Deconstructing unit economics of paid user acquisition
Editor's note: The following is a guest post from Martin Macmillan, CEO of fintech firm Pollen Velocity Capital.
Mobile app developers live in a sea of metrics, and many are struggling to make sense of them. Soft launching an app creates a tidal wave of metrics that can be difficult to parse and even more difficult to tangibly use. For many, it all just becomes a jumble of performance marketing acronyms with no clear signals telling marketers to double down on something or go back to the drawing board.
Here I aim to provide a basic overview of the unit economics of paid user acquisition, and how to figure out whether paid channels will work for a particular app. In layman’s terms, the intention is to guide developers to an understanding of how much to spend on marketing to acquire new users and how to see whether you’re making a profit. A clear understanding of metrics can illuminate a path to financial success in app stores.
Diving into those aforementioned acronyms, some of the most tossed-around ones for "freemium" apps include CPI and LTV.
- CPI (cost per install): the amount developers need to spend to acquire an app user via paid channels like Facebook or Google.
- LTV (lifetime value): the expected revenue a single user will generate from the time he or she downloads the app or game until the app is abandoned altogether.
If LTVs exceed CPIs, then a paid marketing strategy will likely work for an app, but the complexity comes in estimating an LTV — not an easy task if you're looking at freemium apps where you need to model the behavior of a cohort of users, rather than the behavior of a single user.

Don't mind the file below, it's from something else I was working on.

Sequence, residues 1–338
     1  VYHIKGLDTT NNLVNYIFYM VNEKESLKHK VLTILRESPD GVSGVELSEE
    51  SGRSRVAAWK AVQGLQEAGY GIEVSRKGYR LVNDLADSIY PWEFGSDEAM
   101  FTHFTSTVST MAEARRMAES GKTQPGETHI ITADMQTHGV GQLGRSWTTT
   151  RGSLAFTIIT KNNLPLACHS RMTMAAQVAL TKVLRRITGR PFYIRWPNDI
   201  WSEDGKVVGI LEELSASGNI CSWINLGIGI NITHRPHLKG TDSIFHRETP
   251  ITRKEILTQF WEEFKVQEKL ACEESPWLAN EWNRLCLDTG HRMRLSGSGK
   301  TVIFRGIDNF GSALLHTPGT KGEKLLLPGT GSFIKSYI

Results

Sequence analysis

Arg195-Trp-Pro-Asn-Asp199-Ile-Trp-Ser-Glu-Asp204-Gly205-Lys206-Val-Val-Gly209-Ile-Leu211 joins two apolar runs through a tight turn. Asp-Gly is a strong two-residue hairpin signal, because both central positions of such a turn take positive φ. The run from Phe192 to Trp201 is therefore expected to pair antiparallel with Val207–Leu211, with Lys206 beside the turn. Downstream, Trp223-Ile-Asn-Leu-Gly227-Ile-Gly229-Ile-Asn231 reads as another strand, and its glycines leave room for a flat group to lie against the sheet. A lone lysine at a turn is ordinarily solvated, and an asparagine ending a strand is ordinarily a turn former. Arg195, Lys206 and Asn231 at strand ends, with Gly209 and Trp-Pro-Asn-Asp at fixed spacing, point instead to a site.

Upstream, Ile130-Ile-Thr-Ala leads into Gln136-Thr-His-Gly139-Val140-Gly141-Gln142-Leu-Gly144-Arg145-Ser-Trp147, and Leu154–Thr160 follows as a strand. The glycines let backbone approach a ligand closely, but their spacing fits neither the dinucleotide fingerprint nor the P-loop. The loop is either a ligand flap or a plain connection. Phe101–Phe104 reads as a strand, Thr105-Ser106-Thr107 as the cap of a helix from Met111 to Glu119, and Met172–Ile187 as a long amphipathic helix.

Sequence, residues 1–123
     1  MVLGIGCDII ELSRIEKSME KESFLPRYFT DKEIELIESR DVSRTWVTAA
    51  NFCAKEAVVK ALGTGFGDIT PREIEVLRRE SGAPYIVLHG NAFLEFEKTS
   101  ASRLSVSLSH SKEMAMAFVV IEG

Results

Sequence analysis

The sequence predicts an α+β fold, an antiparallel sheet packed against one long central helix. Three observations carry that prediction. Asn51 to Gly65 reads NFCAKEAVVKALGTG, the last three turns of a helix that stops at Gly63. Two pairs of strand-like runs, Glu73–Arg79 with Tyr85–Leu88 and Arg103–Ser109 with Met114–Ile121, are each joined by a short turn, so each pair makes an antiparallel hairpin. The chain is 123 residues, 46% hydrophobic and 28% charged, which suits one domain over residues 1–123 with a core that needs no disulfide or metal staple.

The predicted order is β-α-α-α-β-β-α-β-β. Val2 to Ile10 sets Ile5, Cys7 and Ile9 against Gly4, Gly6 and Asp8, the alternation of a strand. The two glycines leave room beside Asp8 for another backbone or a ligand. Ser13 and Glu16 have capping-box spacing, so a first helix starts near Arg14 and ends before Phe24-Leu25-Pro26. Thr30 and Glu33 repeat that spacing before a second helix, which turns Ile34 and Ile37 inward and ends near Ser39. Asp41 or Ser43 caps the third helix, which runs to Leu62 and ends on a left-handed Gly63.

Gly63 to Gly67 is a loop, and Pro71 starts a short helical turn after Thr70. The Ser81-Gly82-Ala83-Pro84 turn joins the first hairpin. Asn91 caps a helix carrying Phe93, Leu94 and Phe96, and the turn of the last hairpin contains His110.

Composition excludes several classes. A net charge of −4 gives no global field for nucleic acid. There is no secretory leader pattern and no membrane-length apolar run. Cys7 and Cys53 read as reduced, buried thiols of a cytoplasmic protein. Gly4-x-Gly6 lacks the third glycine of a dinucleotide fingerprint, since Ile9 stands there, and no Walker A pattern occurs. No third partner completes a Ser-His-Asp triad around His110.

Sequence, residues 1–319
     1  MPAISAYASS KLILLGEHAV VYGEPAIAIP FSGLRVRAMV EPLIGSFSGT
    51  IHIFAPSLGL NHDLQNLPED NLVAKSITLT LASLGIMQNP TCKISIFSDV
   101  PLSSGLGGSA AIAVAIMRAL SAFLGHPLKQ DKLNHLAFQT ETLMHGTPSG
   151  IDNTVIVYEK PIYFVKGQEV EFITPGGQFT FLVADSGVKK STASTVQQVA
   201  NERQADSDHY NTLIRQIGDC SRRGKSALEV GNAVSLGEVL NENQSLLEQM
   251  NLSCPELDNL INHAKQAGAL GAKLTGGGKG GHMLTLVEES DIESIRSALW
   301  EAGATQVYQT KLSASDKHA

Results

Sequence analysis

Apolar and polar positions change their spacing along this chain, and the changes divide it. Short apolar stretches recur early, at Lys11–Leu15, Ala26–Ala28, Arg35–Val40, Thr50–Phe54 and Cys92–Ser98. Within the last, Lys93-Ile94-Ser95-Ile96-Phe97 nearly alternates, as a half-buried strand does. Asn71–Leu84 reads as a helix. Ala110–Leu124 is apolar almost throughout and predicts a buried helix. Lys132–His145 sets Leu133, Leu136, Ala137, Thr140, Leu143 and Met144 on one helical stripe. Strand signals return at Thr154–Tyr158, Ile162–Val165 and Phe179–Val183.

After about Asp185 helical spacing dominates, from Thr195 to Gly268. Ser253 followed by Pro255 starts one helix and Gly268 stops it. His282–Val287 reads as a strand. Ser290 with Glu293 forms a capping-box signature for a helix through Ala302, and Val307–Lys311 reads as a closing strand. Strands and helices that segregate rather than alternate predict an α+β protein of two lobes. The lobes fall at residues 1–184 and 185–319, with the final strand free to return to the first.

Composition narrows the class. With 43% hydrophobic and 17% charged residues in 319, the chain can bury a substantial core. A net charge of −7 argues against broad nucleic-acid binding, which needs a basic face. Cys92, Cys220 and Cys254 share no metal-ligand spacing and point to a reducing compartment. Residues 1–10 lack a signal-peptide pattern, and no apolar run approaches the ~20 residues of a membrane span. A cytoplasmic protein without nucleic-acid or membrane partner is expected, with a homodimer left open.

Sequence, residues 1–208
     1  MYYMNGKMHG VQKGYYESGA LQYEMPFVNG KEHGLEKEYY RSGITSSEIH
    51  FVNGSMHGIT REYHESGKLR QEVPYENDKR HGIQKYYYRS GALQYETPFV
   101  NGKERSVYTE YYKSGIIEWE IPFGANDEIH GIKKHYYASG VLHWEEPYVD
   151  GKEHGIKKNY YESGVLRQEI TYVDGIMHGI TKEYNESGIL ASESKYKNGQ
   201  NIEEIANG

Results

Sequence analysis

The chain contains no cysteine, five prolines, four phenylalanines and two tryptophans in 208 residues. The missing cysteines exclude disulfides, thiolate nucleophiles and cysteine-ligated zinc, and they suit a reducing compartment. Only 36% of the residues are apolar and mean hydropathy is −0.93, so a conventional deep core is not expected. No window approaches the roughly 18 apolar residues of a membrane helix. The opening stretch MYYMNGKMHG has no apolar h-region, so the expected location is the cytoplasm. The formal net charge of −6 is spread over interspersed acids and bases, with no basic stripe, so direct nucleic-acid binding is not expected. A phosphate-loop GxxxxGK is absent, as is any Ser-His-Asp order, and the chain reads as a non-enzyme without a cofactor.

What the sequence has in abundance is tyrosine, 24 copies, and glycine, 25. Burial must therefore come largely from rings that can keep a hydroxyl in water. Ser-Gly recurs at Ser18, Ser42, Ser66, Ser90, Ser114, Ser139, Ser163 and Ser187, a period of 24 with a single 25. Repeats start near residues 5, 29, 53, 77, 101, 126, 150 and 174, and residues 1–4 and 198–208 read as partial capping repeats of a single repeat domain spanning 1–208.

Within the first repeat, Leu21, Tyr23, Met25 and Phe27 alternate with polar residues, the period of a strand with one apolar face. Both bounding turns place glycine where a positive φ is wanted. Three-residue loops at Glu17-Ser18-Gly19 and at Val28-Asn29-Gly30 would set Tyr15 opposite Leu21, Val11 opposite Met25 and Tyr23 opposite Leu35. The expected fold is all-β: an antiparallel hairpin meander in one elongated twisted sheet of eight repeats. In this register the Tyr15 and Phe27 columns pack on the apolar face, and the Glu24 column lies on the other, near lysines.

In order to figure out LTV, some additional metrics are required. Fortunately, these are readily available from analytics and ad attribution software that most developers integrate into their apps early on in development.
- Retention: how long users generally stay in your app, measured as a percentage.
- ARPDAU (average revenue per daily active user): an aggregate daily revenue figure across the whole range of an app's active users.
- Virality: the idea that each paid user will attract a halo effect of an “organic” user acquired through word-of-mouth, sharing or some other social dynamic built into the app.
These three key metrics are just a small slice of what marketers deal with in promoting an app. Understanding the relationship of what you spend versus the amount you earn back is essential. When a marketing team can lock down their metrics, it’s simply a matter of then figuring out a budget and constantly monitoring the metrics for each cohort to ensure goals are being reached and improved upon.
When all the jargon is stripped away, investment into paid marketing is nothing more than an investment formula. If you have a $1 CPI and a $1.50 LTV recouped in 90 days, you’re able to make a 50% ROI every three months. Compound this and your annual ROI begins to look pretty healthy.
There are many factors that can disrupt this formula as marketers begin to scale up. Typically, CPIs will rise over time as you'll eventually need to pay more to reach an ever scarcer audience. At the same time LTV may fall, as you have exhausted the pool of the highest likely spenders and user quality starts to diminish over time. As the margin from ad spend starts to shrink, it’s important to set clear goals like minimum ROI and to not spend beyond a level of certainty that makes economic sense — another reason why marketers must stay hyper-focused on the metrics every day.
With a great app, careful planning and the right user acquisition partner, it's possible to use paid acquisition to great effect, as the global nature of the app economy allows you to achieve near limitless scale. However, a constant focus on the unit economics and ongoing metrics is essential to achieve true success.